Methadone Detox Treatment
Methadone is commonly prescribed as a substitute for heroin, as this opiate-based substance has been found to be less dangerous than its more notorious counterpart.
However methadone has the potential to be highly addictive, and a dependency on this substance can lead to overdose and even death. While these risks are not as widely discussed as those of other opiates, they should be considered before methadone is prescribed.
As a result of its addictive properties, methadone is increasingly being used on a recreational basis for the sedative effects that can occur when misused. One study revealed that of the 1117 deaths in the UK attributed to methadone between 2007-2012, only 36% of these resulted from individuals who were receiving methadone treatment. 
If you are concerned that you may be struggling with a methadone addiction or dependency, it is recommended that you undergo complete physical detoxification within a rehabilitation centre.
Why is a methadone detox necessary?
Addiction to methadone can result in a range of detrimental effects to your physical, mental and emotional health. It can put a strain on your relationships with family and friends, negatively affect your employment opportunities and prevent you from living the happy, fulfilled life that you deserve.
While the physical effects of methadone are only one part of the problem, it is essential to cleanse the body of this substance before psychological treatment can take place.  There is an increased risk of overdose when taking methadone, particularly if this substance is being obtained and taken illegally, and part of removing this risk involves undergoing full detoxification.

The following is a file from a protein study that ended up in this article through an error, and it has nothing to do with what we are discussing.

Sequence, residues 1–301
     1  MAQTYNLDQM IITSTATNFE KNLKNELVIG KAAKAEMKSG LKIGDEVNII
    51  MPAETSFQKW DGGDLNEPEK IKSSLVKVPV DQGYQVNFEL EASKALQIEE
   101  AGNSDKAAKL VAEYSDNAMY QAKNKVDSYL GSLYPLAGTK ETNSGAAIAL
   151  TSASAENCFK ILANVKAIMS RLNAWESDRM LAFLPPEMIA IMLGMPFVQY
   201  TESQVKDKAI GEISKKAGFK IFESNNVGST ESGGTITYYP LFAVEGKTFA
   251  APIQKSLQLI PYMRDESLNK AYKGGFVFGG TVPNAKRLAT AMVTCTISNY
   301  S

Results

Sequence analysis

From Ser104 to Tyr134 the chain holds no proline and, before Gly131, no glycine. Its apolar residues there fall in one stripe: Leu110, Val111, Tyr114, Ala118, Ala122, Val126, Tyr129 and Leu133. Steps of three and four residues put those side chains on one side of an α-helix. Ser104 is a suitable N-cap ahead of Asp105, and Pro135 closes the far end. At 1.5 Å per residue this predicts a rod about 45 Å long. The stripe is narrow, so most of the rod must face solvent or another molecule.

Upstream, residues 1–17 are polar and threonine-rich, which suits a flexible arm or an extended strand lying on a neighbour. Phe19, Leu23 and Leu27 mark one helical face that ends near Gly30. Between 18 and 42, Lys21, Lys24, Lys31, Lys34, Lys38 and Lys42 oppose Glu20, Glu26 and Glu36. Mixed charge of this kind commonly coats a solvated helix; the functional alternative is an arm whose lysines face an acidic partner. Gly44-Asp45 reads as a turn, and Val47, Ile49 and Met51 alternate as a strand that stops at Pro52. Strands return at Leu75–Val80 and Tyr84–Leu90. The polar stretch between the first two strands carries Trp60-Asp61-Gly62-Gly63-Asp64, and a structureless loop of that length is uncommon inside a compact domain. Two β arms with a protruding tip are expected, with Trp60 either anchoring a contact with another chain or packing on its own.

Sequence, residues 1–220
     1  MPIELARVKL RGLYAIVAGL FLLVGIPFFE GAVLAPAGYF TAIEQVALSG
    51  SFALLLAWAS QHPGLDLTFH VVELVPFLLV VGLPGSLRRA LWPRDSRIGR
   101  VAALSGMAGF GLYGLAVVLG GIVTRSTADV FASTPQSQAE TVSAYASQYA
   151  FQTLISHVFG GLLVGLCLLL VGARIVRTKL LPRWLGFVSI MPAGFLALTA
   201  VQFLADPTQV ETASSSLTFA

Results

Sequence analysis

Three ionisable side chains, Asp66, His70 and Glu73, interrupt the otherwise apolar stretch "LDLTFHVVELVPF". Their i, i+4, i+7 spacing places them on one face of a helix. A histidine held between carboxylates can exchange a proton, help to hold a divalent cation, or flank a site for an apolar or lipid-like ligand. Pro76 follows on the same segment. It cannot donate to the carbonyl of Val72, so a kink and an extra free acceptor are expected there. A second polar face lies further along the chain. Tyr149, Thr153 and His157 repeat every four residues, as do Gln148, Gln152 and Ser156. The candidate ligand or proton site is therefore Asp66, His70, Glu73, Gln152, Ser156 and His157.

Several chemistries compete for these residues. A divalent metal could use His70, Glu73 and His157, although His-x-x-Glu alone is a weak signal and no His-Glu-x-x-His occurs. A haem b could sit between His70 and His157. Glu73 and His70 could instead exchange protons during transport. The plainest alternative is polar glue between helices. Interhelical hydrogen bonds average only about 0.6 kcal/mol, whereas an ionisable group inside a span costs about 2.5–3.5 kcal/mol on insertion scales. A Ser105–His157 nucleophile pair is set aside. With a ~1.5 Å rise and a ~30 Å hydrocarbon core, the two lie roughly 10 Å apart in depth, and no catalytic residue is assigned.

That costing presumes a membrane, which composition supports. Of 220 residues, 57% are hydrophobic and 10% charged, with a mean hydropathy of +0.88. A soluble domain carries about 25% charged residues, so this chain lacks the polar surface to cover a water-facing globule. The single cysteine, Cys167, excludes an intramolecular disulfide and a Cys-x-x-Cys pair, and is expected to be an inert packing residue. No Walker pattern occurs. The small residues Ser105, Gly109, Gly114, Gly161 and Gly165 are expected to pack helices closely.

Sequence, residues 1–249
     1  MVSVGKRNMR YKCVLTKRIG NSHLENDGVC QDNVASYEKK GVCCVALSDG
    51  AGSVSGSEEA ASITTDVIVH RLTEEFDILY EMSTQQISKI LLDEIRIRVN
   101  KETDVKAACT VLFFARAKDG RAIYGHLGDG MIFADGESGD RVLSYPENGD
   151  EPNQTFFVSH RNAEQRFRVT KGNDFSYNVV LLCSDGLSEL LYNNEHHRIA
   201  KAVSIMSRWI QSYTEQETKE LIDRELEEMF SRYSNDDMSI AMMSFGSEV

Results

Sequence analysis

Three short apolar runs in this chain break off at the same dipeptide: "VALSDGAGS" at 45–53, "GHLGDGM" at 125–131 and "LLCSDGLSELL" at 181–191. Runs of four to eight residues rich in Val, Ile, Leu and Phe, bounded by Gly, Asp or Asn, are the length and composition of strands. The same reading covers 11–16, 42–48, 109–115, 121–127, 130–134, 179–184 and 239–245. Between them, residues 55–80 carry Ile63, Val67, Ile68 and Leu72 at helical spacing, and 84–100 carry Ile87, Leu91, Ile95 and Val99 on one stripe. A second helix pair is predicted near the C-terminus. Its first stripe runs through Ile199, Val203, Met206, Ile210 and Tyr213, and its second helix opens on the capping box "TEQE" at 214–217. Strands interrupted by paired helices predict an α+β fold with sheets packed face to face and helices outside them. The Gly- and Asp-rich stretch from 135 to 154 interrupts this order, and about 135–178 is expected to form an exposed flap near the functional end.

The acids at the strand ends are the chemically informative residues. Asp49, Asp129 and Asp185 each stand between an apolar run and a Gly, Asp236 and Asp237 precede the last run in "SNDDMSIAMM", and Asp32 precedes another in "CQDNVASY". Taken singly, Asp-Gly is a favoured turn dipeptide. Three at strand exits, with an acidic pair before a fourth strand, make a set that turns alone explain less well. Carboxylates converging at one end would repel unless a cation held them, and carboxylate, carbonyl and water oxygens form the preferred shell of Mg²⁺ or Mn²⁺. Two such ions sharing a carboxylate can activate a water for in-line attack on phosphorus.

How can I detox from methadone safely?
While the methadone withdrawal process is notoriously difficult and unpleasant, it is possible to detox from this substance safely and reduce the chances of serious illness or a potential relapse.
The safest and most effective way to detox from methadone is to enter a specialised rehabilitation centre, where patients are monitored 24/7 by medical professionals throughout the course of the withdrawal. If an individual begins to exhibit severe symptoms or any signs of dehydration, they receive immediate medical treatment to ensure their safety and to provide as much comfort as possible.
It is not recommended to quit methadone cold turkey. Instead, the dosage should be slowly tapered off over a period of time until the individual is no longer ingesting the substance. This can help to reduce and alleviate many of the most uncomfortable and potentially dangerous withdrawal symptoms.
Medical professionals can also prescribe certain medications in order to make the process of withdrawal more comfortable and easier to bear. These may include naloxone, buprenorphine and clonidine, all of which can help to reduce the intensity of symptoms and prevent cravings in some cases.
What are the symptoms of methadone withdrawal?
If you have been taking methadone for a period of time, your body will have become used to functioning with this substance in the system. When the methadone is removed the body needs to rebalance and learn to function naturally again, and this process can cause a number of physical and psychological withdrawal symptoms.